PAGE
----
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Sustain / Agri-Food Network

Meeting 4: Going Regional? Implications for A Sustainable Food System

A seminar held at Coventry University Geography Subject Group, on behalf of the Agri-Food Network[1] : 7th February, 2003

The theme of the meeting was "Going Regional? Implications for A Sustainable Food System"


  1. Justin Sacks: 'NEF's LM3 tool - Double the value of spending by strengthening linkages'
    PDF Icon Download as PDF - 9kb
  2. Damian Maye (Department of Geography, Coventry University): 'Short food supply chains: a panacea for development in lagging regions? Evidence from a Delphi survey'
    PDF Icon Download as PDF - 23kb
  3. Advantage West Midlands: 'Clusters'
    PDF Icon Download as PDF - 38kb
  4. Local Food Works: 'A regional approach to supporting the local food sector'
    PDF Icon Download as PDF - 80kb

Attention has recently focused on the potential for local food projects to deliver healthy, good quality foods to consumers, whilst also promoting environmental and economic sustainability. Indeed, there has been a proliferation of local initiatives and schemes seeking innovative ways of reducing food miles and shortening the distance travelled from 'field to fork.' The diversity of schemes in operation and the range of different agencies and organisations involved raises questions about appropriate spatial and institutional frameworks for the co-ordination, regulation and support of these activities. The aim of this seminar was to explore the role of the region in this context.

As in previous Agri-Food Network meetings, there were presentations from invited speakers, with some pre-circulated outlines (from Morgan, Maye and Sacks). A list of discussion questions, firstly on the 'local to regional', and secondly on the 'regional and national' levels had also been prepared. However, partly because of the number of speakers in each session (4 in the morning; 3 after lunch) and partly because of the slightly different audience mix a regional meeting had attracted, each set of presentations raised different issues that participants wanted to explore. There was thus little opportunity for more general discussion of the prepared questions.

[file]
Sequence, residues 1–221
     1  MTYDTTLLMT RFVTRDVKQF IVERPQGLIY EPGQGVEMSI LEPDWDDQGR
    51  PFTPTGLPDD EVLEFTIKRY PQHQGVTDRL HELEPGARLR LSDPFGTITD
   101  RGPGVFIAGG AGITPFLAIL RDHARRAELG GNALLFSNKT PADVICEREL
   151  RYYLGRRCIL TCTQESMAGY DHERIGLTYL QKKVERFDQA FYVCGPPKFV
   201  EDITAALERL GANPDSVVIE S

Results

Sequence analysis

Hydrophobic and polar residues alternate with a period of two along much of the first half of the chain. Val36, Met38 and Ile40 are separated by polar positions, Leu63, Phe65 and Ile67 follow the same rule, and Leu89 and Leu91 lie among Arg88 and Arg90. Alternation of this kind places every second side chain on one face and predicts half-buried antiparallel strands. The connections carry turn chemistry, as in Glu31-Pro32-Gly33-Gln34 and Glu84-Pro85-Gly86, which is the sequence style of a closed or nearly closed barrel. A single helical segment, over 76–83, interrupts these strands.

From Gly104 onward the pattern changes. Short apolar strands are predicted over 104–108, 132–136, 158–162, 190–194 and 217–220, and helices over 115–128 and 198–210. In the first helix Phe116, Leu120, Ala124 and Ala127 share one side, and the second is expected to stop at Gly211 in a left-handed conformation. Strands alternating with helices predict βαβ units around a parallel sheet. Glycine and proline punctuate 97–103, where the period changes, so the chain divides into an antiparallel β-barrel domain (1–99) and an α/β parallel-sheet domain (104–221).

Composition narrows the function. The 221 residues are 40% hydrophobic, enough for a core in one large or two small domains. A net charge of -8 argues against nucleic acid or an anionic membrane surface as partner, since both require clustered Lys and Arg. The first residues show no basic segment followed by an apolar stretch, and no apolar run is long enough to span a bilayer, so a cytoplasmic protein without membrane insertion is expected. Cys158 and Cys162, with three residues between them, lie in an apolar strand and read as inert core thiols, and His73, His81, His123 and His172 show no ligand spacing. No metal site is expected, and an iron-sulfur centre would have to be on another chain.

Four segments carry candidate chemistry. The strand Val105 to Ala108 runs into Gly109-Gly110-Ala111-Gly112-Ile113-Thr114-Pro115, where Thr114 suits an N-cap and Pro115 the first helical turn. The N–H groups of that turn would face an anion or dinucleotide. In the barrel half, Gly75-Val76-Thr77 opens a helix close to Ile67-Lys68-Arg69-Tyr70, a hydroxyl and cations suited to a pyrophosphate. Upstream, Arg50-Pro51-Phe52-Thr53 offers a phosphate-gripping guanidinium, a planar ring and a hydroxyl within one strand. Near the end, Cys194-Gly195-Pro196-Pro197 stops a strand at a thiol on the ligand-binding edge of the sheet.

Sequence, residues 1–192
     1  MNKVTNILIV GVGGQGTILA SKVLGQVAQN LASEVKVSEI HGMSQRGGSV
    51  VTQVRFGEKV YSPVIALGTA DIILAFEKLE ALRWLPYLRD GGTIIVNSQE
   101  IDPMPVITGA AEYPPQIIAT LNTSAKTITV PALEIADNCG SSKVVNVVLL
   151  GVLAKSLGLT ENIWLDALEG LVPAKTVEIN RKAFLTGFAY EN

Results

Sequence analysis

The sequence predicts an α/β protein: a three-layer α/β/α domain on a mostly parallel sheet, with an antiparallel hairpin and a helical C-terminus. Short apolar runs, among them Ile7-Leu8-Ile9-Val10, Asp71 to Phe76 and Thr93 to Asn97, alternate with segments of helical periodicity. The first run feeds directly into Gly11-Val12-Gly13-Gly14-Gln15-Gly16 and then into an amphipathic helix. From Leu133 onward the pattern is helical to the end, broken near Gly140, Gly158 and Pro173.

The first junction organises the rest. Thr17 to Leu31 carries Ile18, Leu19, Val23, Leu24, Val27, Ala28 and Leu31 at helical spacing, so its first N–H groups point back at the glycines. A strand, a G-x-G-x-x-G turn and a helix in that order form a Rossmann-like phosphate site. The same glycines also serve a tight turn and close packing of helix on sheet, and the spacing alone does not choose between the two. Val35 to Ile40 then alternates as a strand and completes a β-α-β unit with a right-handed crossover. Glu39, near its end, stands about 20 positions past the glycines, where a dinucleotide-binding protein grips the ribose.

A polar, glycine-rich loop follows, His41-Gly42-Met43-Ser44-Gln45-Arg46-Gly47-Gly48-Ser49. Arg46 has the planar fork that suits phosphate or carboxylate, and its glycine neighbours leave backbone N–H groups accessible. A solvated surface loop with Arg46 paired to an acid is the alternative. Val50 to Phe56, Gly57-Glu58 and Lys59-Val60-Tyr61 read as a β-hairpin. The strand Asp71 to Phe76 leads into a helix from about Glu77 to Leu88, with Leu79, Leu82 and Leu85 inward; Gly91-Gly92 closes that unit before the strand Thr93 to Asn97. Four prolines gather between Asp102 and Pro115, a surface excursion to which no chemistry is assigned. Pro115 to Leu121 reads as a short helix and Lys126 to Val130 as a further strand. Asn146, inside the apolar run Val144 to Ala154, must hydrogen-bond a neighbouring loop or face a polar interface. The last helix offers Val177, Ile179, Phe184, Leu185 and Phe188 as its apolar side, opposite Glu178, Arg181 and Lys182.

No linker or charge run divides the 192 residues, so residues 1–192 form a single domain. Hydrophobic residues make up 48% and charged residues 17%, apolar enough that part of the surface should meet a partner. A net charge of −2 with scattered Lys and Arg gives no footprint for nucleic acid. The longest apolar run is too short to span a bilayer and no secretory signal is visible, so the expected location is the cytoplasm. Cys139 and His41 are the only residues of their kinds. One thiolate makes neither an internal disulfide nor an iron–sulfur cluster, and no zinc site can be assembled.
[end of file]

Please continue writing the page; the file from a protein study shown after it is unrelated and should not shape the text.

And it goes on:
1. The seminar began with a presentation from Daniel Matthews (Countryside Agency) and Joy Carey (Soil Association, Network Development Officer for Local Food Works in the West Midlands). They summarised the Eat the View project and Local Food Works, a new partnership between the Soil Association and Countryside Agency ( Among discussion issues raised was the question of duplication of effort amongst the various agencies and partnerships. For example, Joy talked about the success of a range of partnerships in the South-West, particularly in dealing with issues of public procurement and support for micro businesses. This begged the question: what then is the role of Regional Food Groups? In the West Midlands, the current development trajectory is that the Regional Food Group (Heart of England Fine Foods) will be the delivery vehicle for regional food strategy. The food strategy will in turn be developed in partnership with the Regional Development Agency. The point was made that the Curry Report had, in some ways, made matters worse in that it had prompted a range of major agencies to get involved in regional food issues (e.g. DEFRA, FSA) resulting in potential confusion and duplication of effort and expense.